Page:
Living microbes are hardworking and benefit plants in many ways. Among other things, soil microbes
- Increase water holding capacity of soil
- Release nutrients to plants (a.k.a. mineralization) – when the microbes die or through symbiotic relationships with plants
- Keep disease in check
- Enhance plant growth
- Store nutrients in their bodies to prevent leaching or volatilization from the soil (a.k.a immobilization)
- Excrete “glue” that binds soil together in a way that prevents erosion, decreases compaction, and increases water infiltration to benefit plant roots.
These benefits from soil microbes, in turn, benefit farmers by saving time and money through decreased fertilizer, pesticide and water use. One way to measure the potential microbial activity of a soil is through a soil respiration test.
What is respiration and how is it measured?
As the members of the soil microbe biome go about these activities, they’re processing whatever food source they use for energy and releasing the leftovers. In the case of aerobic soil organisms – microbes that use oxygen as part of the food processing – carbon dioxide (CO2) is released. You might say they “exhale” CO2, just like humans. And just like humans, these microbes exhale more CO2 the harder they’re working or the more of them there are. So researchers developed an approach to measure how much potential a particular soil has for respiration. You might see it called various names like CO2 Burst, Solvita, or Respiration test. This test can be done as a “stand alone” but has been incorporated into more comprehensive soil health assessments as well, such as the Haney Test and the Cornell Assessment of Soil Health. The basic idea is that a dry soil sample is rewetted, and the amount of CO2 released over a given time period is measured in one of several possible ways.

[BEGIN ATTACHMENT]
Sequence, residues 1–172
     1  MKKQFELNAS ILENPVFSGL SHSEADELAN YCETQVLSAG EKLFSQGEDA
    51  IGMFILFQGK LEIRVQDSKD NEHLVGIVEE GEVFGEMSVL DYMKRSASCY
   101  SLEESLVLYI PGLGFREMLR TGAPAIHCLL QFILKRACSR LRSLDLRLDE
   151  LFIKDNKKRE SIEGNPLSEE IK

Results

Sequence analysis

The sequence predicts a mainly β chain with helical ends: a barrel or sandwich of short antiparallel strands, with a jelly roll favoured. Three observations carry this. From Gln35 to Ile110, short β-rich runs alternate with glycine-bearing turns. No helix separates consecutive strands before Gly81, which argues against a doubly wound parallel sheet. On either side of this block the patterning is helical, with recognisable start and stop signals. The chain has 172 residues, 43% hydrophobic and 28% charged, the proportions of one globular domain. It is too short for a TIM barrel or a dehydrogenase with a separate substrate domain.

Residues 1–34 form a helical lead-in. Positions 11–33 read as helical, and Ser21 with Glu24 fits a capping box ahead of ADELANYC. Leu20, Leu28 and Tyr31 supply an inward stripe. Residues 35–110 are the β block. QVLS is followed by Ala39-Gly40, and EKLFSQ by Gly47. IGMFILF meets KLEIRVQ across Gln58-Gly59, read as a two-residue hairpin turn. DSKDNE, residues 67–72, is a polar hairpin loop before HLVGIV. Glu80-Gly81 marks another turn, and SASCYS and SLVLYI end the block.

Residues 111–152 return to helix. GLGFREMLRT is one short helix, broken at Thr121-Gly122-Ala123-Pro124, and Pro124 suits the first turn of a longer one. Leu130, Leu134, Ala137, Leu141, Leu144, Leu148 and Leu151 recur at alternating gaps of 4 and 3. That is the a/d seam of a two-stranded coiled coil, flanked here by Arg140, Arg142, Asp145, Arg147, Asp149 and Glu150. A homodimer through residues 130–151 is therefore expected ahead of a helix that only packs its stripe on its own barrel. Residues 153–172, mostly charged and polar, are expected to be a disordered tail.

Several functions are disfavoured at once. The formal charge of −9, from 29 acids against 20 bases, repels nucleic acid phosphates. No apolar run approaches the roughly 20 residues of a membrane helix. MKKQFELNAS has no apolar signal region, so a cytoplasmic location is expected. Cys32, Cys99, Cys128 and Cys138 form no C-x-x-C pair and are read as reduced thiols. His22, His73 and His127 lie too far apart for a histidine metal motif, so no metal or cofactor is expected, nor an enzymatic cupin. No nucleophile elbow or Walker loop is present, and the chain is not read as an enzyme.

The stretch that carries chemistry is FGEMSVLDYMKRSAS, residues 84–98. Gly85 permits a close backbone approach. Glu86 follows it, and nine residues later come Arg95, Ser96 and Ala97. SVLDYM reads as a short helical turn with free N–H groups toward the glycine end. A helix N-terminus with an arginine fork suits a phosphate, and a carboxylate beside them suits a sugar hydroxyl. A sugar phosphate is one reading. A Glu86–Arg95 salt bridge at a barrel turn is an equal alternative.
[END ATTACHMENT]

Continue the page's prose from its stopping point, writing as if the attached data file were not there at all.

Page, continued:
Interpreting soil respiration results
The respiration test has been used to estimate the soil microbial community’s general ability to carry out its many functions. It’s important to remember that the test measurement depends on both the activity level AND the number of soil microbes, so it’s a composite number, reflecting both aspects. Microbes have a natural seasonal variation in activity, so sampling should take place at similar times of the year to minimize this variable. This type of soil test could be part of a larger testing suite to compare and contrast management practices on a given piece of land, or to evaluate the relative quality of two or more pieces of land being considered for purchase or rent.
SymSoil offers a variety of soil amendments to improve soil health using the principles of the Soil Food Web. In-depth consultation is available for customers wanting to develop a soil management plan.
About SymSoil® Inc.
SymSoil is a leader in development of biological soil amendments for agriculture that restores the microbes that provide the right food to the plant roots, improving plant health, and making food more nutrient dense and flavorful, the way nature intended. SymSoil has products and services for growers using regenerative agriculture methodologies which improve profitability. Its flagship product, SymSoil® RC (Robust Compost) is a complex community of soil microbes, which includes in excess of 1,000 species, covering broad biodiversity of bacteria, fungi, amoebae, and other protozoa, beneficial nematodes and microarthropods. SymSoil was named one of 2019’s AgTech Companies to Watch. Accredited Investors can learn more about SymSoil as an impact investment here.